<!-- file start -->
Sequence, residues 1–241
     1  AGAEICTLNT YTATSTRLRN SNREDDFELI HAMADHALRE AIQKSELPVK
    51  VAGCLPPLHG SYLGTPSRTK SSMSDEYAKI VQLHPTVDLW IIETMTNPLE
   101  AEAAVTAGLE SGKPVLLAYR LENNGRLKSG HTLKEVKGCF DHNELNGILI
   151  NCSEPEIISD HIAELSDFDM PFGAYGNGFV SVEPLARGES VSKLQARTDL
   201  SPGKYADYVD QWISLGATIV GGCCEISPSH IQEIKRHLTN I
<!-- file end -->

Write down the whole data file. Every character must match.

Sequence, residues 1–241
     1  AGAEICTLNT YTATSTRLRN SNREDDFELI HAMADHALRE AIQKSELPVK
    51  VAGCLPPLHG SYLGTPSRTK SSMSDEYAKI VQLHPTVDLW IIETMTNPLE
   101  AEAAVTAGLE SGKPVLLAYR LENNGRLKSG HTLKEVKGCF DHNELNGILI
   151  NCSEPEIISD HIAELSDFDM PFGAYGNGFV SVEPLARGES VSKLQARTDL
   201  SPGKYADYVD QWISLGATIV GGCCEISPSH IQEIKRHLTN I